These people weren’t trailer trash, Ketcham realized — just everyday folks who couldn’t afford $450,000 mortgages in other parts of town. And for her first eight years, life was good. Until RV Horizons-Impact Communities, a Cedaredge-based company, bought the park.
“I thought they were trailer trash,” she said. Then Ketcham moved into the Central Manufactured Home Community, a tight-knit park in Cañon City where neighbors bake each other fresh banana bread, watch their grandkids and chat easily on their porches. Suddenly, rent started rising. With a degenerative back condition that leaves her unable to work, Ketcham is slowly losing any wiggle room on her $800-a-month disability budget.
A pipe issue left standing water in her yard for months, attracting mice and gnats that flew into her mouth every time she brushed her teeth. Sewage backed up into her bathtub. “They’re just money-hungry little (expletive),” Ketcham said. “I’m not renting property, just a small little piece of land.”
Residents say this is life at a mobile home park run by RV Horizons-Impact Communities, a company on Colorado’s Western Slope that stakes its claim as the fifth-largest owner of mobile home parks in the United States. Lawsuits, compliance complaints and protests against the company are piling up — and state regulators are taking notice. As of mid-August, there were open complaints filed to the state’s new Mobile Home Oversight Program at eight of RV Horizons-Impact Communities’ 18 Colorado parks, according to state data. Regulators, meanwhile, recently subpoenaed records from one of the owners regarding sewage, water and tree issues at an Eckert mobile home park. This is par for the course for David Reynolds and Frank Rolfe, residents in their mobile home parks say. The pair, along with owning RV Horizons-Impact Communities, run a training course on the Front Range on how to get rich in mobile home park ownership.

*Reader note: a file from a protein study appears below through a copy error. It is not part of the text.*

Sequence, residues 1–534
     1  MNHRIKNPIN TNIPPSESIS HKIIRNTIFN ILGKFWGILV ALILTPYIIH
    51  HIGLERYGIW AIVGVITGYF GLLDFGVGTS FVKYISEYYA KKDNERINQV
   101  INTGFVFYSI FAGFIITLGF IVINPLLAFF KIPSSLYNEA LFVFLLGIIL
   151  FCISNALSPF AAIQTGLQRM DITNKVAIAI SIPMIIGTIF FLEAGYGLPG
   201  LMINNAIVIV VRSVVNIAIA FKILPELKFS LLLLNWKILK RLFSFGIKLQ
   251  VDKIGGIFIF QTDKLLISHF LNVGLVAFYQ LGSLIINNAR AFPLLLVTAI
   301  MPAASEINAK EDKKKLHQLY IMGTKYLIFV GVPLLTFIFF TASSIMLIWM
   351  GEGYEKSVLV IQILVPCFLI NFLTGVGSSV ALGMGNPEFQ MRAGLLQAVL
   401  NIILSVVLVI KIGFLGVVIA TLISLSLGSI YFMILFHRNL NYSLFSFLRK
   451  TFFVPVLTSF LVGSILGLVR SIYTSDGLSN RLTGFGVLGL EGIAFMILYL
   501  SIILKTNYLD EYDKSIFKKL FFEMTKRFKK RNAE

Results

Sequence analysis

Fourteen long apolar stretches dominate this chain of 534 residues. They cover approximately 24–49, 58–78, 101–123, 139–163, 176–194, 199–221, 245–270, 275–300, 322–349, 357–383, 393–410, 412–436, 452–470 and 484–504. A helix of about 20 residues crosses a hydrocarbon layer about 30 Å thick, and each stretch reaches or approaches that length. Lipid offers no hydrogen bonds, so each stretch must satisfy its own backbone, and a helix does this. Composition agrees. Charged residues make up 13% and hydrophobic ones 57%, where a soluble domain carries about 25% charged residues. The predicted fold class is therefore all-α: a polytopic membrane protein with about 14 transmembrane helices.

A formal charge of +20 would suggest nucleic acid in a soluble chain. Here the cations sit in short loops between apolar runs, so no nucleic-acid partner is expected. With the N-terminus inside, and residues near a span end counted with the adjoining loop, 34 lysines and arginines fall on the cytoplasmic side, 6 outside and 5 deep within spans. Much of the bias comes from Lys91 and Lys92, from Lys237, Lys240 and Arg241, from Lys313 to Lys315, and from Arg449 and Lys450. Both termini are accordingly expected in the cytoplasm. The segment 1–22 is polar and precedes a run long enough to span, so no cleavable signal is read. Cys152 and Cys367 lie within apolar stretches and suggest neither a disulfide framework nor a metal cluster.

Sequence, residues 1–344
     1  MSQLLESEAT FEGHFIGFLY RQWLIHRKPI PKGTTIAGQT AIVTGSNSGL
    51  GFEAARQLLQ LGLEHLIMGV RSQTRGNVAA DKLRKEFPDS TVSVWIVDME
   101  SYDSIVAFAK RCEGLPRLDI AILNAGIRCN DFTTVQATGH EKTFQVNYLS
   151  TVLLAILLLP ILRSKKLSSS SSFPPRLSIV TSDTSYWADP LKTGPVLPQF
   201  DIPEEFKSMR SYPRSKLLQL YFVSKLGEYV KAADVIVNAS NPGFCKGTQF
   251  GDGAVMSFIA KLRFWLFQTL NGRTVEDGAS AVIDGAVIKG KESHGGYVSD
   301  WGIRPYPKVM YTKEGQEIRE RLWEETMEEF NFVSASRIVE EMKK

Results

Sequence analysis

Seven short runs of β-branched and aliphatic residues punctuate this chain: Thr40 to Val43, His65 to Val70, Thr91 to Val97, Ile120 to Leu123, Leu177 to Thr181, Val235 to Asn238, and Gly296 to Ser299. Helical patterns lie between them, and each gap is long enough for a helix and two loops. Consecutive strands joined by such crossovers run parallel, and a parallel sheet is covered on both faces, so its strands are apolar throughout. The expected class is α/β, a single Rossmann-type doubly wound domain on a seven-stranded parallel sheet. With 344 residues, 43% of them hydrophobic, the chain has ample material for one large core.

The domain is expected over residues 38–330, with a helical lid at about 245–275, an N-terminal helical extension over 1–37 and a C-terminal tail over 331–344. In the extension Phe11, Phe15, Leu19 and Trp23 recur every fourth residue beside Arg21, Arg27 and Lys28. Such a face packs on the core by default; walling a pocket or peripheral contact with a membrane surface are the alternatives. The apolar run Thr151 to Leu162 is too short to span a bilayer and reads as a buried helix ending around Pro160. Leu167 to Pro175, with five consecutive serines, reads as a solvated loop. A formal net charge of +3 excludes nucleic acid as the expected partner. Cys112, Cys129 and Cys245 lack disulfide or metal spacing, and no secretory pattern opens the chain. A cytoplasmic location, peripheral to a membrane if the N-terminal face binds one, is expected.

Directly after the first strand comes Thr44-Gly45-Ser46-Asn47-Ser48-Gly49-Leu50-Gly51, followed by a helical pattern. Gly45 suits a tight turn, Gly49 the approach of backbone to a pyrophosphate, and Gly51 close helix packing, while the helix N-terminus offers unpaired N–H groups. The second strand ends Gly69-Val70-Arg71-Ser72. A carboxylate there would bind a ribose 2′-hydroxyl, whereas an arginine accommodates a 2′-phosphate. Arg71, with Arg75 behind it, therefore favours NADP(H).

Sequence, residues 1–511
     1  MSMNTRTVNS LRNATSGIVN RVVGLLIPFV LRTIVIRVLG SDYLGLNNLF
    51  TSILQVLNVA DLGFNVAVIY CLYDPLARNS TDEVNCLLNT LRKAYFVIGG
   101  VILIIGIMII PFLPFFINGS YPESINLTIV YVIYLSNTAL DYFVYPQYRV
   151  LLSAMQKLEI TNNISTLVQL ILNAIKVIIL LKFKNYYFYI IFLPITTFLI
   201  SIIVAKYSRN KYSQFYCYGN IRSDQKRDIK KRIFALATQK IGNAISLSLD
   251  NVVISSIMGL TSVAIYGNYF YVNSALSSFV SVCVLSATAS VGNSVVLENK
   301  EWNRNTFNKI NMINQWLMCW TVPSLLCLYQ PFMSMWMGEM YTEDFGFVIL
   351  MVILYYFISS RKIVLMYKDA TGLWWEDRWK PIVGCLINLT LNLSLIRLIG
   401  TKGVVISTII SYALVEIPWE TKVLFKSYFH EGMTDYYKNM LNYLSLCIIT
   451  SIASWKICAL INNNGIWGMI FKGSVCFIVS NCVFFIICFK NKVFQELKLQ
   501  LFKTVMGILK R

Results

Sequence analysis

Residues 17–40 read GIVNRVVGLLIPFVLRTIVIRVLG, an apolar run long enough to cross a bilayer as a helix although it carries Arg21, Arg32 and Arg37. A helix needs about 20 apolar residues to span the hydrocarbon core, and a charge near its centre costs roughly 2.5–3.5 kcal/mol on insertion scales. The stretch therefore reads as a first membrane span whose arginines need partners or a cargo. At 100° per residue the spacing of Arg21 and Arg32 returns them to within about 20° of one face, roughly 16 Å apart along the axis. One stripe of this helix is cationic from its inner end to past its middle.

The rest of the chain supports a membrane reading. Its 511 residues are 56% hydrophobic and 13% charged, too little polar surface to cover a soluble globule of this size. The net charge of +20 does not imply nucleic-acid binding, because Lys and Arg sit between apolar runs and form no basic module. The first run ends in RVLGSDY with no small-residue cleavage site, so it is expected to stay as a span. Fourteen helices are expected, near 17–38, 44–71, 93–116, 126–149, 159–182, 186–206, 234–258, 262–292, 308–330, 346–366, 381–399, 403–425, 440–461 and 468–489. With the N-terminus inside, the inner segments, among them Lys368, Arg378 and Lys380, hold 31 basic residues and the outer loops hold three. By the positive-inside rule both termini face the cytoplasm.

At Mobile Home University, the owners teach attendees to increase rents “relentlessly” because mobile home owners — contrary to their name — generally can’t afford to move. Remove amenities such as pools or playgrounds. Say goodbye to laundry rooms or vending machines. “Affordable Housing is the hottest arena in commercial real estate right now,” their website states prominently. “With over 20% of Americans trying to live on $20,000 per year or less, the demand for mobile homes has never been higher — and the big winners are the owners of the mobile home parks in which those customers reside.” While Reynolds and Rolfe profit off their parks, people like Ketcham are paying more than $500 out of an $800-a-month fixed income to rent the land beneath her Cañon City mobile home. Earlier this summer, the water went out for six days at homes throughout the park, forcing elderly and disabled residents to lug their own water from across the park. Toilets sat unflushed.
The News Highlights
- Complaints Grow Against Mobile Home University Tactics
- Check the latest update on business news
For Latest News Follow us on Google News
- Show all
- Trending News
- Popular By week